Sustainable investing, ESG or greenwashing?

Posted in News and Sustainability on 26 May 2021
By Richard Mellis, Client Director

Some years ago, I did some work for a very private and very successful boutique investment management firm. Their success was based on a matrix of strict ESG-integrated investment criteria enabling them to identify and invest in sustainable businesses capable, irrespective of market conditions, delivering long-term returns for institutional clients of between 5 and 7%.

That might not sound like much, but when you are a pension fund struggling to meet your obligations, that can be a very attractive proposition. 

The firm’s investment strategy was very much long-term buy-and-hold and, despite assets under management just short of $100bn, invested in a very limited number of stocks, many for over 15 years. Their ESG credentials were regularly called into question with suggestions of greenwashing not uncommon. 

At the time, one of the firm’s investment managers was adamant that ESG was just a fad; a manifestation of the current zeitgeist that would disappear over time. A contentious view, but one that might, just might, if we manage to maintain the current momentum, come true.

“Each company’s prospects for growth are inextricable from its ability to operate sustainably and serve its full set of stakeholders.”

 Larry Fink, BlackRock CEO

 


Inevitably, when the CEO of the world’s largest investment management firm puts sustainability so definitively at the top of the agenda, investors, trustees and CEO’s pay attention. Indeed shortly after Larry Fink’s statement, in January this year, two of New York’ largest pension funds voted to divest of $4bn of fossil fuel investment. 

And yet, according to an article in the Guardian, also from January this year, BlackRock itself remains invested in fossil fuels to the tune of $85bn. In the same article, Lara Cuvelier, a campaigner from Reclaim Finance is quoted as saying: “it’s hard to see Larry Fink’s sustainability commitment as anything other than greenwashing”. 

On the face of it Lara and Larry may seem to be at loggerheads. But could it be that they are actually on a similar journey albeit at different speeds and with differing agendas?

At Emperor, we have regular conversations with clients about sustainability and ESG and where they are in their journey. In truth, it doesn’t matter where they are. What matters is that they don’t simply issue boilerplate platitudes with little to no evidence of genuine intent.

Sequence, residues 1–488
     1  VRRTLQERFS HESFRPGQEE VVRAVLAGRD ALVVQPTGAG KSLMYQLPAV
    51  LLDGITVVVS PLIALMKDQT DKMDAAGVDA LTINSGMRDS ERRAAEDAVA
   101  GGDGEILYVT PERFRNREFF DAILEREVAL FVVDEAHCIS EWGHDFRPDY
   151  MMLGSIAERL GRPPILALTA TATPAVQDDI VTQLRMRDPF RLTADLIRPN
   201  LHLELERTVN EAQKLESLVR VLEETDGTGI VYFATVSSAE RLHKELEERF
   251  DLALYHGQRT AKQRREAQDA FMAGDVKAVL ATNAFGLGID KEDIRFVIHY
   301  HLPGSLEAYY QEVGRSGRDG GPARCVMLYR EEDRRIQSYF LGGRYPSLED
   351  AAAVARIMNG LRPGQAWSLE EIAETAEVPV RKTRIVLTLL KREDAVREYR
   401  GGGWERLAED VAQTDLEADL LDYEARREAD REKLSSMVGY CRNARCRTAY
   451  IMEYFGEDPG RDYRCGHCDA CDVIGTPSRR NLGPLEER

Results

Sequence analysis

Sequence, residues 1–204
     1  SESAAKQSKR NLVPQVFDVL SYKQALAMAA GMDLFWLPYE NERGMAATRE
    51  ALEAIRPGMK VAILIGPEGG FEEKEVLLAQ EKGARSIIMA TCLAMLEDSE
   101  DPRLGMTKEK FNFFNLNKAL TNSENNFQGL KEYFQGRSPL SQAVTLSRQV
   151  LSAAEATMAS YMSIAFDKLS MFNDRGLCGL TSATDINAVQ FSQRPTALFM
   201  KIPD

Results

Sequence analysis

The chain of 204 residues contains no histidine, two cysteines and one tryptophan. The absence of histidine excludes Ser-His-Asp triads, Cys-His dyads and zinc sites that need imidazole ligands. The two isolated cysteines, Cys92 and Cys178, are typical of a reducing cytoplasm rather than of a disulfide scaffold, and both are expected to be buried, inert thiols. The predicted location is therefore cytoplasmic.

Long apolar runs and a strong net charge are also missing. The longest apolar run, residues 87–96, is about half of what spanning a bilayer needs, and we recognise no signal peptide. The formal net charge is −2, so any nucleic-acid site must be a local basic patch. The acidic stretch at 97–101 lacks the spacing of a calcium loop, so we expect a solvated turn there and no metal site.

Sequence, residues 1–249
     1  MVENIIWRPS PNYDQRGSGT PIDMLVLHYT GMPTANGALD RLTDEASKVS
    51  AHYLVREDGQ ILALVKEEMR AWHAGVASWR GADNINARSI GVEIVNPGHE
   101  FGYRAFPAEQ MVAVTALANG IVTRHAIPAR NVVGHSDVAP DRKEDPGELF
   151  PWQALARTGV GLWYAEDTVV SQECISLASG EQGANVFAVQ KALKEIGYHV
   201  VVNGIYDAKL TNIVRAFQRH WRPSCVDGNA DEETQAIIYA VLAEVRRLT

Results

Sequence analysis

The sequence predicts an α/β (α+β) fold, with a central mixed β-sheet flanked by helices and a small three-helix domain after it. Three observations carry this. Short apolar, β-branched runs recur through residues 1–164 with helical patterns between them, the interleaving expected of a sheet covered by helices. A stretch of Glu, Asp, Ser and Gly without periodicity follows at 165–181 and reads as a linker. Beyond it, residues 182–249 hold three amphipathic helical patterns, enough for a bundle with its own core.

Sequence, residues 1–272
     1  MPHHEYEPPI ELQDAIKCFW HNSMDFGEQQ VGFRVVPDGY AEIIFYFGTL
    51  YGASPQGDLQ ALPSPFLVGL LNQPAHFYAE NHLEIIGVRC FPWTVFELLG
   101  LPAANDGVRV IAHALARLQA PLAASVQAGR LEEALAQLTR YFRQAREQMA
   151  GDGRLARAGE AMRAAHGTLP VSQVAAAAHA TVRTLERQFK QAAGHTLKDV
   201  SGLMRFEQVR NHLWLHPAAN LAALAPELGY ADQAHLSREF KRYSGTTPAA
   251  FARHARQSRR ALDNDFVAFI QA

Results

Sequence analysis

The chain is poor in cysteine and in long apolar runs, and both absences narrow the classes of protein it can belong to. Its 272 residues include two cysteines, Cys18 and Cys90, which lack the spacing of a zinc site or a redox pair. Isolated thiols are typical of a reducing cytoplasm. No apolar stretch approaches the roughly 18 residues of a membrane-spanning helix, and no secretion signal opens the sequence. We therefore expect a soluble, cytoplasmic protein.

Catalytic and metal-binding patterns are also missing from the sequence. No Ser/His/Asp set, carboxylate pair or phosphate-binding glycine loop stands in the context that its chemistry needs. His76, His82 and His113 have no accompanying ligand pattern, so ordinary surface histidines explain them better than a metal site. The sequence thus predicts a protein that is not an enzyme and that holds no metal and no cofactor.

What matters is that they have identified what they can materially do to ensure they can operate sustainably to the benefit of all stakeholders for the foreseeable future. And that they have put credible metrics in place to reassure all stakeholders as to the direction of travel and their commitment to progress. As one investor said to me earlier this year: “ESG should be communicated in a way that evidences value-add and value creation, and it should be quantifiable, being able to talk about what you are doing in a genuine and transparent way has never been more important.”

Key steps:

- Identify the most relevant material issues that impact your business in terms of your ability to operate sustainably for the foreseeable future.
- Develop a strategy with relevant metrics that will enable the business to evidence progress against those material issues. 
- Map out an attainable long-term sustainability strategy.
- Establish how best to communicate consistently with all your stakeholders.

As we have seen, fossil fuel extractors are the all too obvious target in the sustainability debate. But with BP redefining themselves from an International Oil Company to an Integrated Energy Company in 2020, and backing this up in February this year by paying record breaking fees for offshore wind rights in England and Wales, it is clear where they are heading. And with other oil majors accelerating the pivot to low carbon, it may not take quite as long as previously thought for sustainability and ESG to become so embedded and integrated in corporate culture as to no longer merit separate mention.    

So while I am not sure we’ll ever get to the stage where we can look Generation Greta in the eye, wouldn’t it be quite something if in the hopefully not too distant future we could stop talking about sustainable or ESG investing and even greenwashing and return to simply calling it investing? 

As an employee-owned creative consultancy agency, Emperor can support you wherever you are on your sustainability journey and help you to achieve your objectives. Please don't hesitate to get in touch at [email protected]

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